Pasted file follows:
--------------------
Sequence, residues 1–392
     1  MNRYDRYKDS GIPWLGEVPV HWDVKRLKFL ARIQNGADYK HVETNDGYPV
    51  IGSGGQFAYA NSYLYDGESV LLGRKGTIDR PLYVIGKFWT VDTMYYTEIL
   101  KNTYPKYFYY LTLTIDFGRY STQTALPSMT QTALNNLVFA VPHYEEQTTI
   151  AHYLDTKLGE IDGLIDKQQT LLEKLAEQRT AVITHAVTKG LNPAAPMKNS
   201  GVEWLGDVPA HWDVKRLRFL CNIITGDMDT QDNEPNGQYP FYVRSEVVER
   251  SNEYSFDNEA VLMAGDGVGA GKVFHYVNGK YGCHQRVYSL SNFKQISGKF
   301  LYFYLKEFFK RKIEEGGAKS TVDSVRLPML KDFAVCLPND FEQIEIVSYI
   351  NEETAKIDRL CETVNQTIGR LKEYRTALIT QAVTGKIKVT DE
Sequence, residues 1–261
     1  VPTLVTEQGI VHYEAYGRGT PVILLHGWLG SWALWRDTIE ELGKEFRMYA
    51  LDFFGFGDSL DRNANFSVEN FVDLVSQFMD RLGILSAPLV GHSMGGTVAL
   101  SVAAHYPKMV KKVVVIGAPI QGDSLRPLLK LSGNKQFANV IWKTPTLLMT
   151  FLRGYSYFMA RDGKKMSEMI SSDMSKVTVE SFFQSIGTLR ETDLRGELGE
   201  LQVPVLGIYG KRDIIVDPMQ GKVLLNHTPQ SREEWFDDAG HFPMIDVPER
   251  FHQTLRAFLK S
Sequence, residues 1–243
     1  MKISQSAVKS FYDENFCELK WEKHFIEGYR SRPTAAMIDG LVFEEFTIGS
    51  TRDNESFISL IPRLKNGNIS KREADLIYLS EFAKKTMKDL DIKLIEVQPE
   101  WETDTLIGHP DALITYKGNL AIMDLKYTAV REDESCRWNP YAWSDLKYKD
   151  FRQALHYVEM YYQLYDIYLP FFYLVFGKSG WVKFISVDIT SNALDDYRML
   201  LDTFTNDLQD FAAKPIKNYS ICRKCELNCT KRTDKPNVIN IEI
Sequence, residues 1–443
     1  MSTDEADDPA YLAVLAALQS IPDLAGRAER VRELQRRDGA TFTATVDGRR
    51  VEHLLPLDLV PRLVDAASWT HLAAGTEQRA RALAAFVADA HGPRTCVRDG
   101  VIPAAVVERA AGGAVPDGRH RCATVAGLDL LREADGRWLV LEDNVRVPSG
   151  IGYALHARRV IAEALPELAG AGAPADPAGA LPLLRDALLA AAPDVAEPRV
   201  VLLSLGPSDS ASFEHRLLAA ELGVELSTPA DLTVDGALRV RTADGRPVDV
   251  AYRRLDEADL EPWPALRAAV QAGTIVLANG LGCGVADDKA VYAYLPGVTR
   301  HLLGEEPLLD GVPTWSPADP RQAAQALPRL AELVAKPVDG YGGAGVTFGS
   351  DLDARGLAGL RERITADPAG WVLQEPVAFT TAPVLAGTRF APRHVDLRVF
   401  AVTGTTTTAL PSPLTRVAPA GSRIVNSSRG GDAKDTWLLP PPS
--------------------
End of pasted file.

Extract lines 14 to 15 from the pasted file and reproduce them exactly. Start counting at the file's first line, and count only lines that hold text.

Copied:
   151  FLRGYSYFMA RDGKKMSEMI SSDMSKVTVE SFFQSIGTLR ETDLRGELGE
   201  LQVPVLGIYG KRDIIVDPMQ GKVLLNHTPQ SREEWFDDAG HFPMIDVPER